We have to acknowledge some of the positive impacts of internationalisation, of course. Higher education internationalisation has served to prepare our post-secondary students with much-needed international competences and skills so they can participate fully in the globalised world and succeed in the global job market.

But globalisation is not a neutral force that delivers benefits evenly to all parts of the world. Internationalisation has been increasingly motivated by economic profit rather than by a sense of the common good. It has been used more as an instrument to obtain resources and to ensure a country’s competitiveness.

In this context, higher education should stop being a mindless follower of economic globalisation.

Higher education should be the only sober and responsible man at a party of drunks. Universities’ internationalisation strategies should aim to be a more mindful, idealistic and transformative force aimed at reversing the adverse effects of economic globalisation and educating our next generation of global citizens who are conscious of the unjust world conditions we live in and are committed to working towards change.

To combat the adverse effects of economic globalisation, all institutions in Western countries should subscribe and contribute to the United Nations’ Sustainable Development Goals.

With government funding declining, no public university can afford to decrease international recruitment, nor can they afford to charge less for international tuition fees. But that international tuition income should be channelled toward training more international graduate students who are poor but smart and who have the potential to solve the world’s problems.

More international tuition income should also be channelled towards supporting international research that addresses the developmental challenges of developing countries.

Curriculum internationalisation and global education programming should be strengthened to raise awareness of global injustice for both domestic and international students. More students from the West should be funded to study in poor countries to strengthen their commitment to building a more equitable and just world.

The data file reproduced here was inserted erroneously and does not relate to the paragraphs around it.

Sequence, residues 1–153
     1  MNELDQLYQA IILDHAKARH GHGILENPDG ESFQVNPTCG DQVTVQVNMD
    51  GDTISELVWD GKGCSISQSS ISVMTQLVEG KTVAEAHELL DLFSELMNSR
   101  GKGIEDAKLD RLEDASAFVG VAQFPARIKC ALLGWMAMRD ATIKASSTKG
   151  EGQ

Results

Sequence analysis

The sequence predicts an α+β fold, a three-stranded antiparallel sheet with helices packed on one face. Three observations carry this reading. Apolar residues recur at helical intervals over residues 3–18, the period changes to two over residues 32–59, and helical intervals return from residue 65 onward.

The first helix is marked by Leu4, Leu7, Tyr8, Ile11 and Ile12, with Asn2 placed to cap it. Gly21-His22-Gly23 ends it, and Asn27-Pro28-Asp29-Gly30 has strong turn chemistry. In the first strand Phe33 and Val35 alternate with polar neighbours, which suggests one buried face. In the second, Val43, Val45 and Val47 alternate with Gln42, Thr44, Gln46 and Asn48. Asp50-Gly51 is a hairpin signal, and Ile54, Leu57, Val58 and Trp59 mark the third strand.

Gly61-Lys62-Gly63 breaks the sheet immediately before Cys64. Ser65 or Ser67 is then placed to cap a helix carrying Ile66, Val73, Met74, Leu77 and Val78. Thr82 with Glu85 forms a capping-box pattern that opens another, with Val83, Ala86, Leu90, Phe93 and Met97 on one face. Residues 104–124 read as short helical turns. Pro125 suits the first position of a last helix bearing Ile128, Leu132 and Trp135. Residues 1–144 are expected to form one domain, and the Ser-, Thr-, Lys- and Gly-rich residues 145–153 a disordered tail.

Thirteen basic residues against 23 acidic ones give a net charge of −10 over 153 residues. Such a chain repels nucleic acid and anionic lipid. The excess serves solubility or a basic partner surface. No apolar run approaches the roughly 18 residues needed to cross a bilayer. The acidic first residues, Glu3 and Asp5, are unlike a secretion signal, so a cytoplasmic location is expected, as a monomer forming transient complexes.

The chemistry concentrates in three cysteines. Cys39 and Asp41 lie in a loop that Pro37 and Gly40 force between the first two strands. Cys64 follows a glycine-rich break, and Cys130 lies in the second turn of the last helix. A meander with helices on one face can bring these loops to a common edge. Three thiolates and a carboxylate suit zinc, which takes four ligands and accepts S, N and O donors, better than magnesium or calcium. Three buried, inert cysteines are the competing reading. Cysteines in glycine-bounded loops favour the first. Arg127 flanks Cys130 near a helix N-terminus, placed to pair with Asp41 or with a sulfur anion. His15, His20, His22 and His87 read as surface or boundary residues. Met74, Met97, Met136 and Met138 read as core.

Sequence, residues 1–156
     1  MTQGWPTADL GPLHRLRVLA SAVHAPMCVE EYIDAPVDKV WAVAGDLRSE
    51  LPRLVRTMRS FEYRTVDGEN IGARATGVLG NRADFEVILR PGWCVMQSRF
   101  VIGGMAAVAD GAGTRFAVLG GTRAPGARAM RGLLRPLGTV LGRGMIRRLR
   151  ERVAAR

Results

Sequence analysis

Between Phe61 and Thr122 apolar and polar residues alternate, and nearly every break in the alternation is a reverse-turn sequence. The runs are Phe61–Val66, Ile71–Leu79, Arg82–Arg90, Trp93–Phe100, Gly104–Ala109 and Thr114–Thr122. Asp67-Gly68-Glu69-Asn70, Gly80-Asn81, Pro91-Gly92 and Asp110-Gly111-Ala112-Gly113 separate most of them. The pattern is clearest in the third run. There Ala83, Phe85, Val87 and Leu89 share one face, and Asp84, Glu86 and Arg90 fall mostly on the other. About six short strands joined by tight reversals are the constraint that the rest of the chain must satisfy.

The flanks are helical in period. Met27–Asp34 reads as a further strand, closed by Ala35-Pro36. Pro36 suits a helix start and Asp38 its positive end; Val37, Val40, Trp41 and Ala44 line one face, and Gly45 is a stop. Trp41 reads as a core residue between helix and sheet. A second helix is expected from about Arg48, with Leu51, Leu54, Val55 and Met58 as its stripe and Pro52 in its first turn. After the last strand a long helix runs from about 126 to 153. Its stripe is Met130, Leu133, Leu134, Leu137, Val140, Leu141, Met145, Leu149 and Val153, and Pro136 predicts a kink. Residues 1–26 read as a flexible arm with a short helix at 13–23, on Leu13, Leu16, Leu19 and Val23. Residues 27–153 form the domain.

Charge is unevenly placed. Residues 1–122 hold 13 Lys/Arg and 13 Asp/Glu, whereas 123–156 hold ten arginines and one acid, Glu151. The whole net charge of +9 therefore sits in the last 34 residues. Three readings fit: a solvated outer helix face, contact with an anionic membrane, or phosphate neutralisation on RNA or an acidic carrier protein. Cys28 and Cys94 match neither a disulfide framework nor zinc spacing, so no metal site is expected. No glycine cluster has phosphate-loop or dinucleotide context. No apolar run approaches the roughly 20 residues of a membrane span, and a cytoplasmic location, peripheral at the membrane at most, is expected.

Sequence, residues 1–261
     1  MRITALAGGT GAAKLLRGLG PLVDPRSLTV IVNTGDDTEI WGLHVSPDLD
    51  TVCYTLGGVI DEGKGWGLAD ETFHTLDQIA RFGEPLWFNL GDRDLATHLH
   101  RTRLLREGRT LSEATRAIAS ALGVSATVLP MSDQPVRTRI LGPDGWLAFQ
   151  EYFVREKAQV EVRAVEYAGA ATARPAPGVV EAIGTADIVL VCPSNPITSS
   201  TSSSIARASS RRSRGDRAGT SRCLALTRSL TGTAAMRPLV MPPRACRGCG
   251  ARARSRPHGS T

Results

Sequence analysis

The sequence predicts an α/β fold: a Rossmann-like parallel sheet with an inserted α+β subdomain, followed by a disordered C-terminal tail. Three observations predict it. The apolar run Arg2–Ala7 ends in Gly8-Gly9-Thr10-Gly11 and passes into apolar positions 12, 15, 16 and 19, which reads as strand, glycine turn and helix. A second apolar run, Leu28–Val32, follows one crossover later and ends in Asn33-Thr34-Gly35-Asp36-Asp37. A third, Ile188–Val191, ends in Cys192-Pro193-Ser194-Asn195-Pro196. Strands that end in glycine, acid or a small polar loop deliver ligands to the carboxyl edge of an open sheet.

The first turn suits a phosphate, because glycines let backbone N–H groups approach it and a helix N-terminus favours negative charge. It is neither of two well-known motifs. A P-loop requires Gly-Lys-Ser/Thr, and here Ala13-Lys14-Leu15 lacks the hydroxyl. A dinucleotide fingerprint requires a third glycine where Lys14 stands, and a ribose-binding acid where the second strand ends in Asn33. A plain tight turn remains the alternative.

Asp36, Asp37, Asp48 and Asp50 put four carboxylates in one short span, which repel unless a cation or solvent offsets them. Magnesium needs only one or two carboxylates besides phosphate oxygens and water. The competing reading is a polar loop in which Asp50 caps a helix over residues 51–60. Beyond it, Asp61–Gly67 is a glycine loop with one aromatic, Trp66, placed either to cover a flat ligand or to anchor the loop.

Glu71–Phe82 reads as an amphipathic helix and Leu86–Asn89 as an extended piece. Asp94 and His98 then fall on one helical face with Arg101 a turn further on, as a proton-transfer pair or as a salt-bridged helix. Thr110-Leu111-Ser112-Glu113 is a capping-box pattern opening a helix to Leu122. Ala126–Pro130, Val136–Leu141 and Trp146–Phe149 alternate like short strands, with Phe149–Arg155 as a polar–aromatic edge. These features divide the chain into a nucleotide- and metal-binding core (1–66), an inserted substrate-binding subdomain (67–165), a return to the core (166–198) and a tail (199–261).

All in all, higher education internationalisation should become a mindful and ethical practice. It should no longer be a choice but an obligation.

A common destiny

The 2020 COVID-19 pandemic has interrupted the international flow of higher education students. But it has provided a good opportunity for me to pause and reflect on my work as an international educator.

There is an inherent moral dilemma in international education due to the neoliberal approach to higher education internationalisation. Such an approach is unsustainable and the world has reached a tipping point due to the increasingly adverse effects of unbalanced development.

The globalised world we live in has become a community of common destiny and we, in international education, have an ethical obligation to reverse the adverse effects of economic globalisation and make the world a more equitable place for all.

There is an urgent moral obligation and necessity for institutions in Western countries to engage in ethical internationalisation in order to reduce global inequality.

Dr Wei Liu works at the University of Alberta International, managing the Global Academic Leadership Development Program, a professional development programme for university administrators from an international comparative perspective. His major research interests lie in the area of foreign language education and international higher education. His recent publications have appeared in journals such as the Canadian Journal of Higher Education, Journal of Studies in International Education, Higher Education Research and Development and Journal of Higher Education Policy and Management.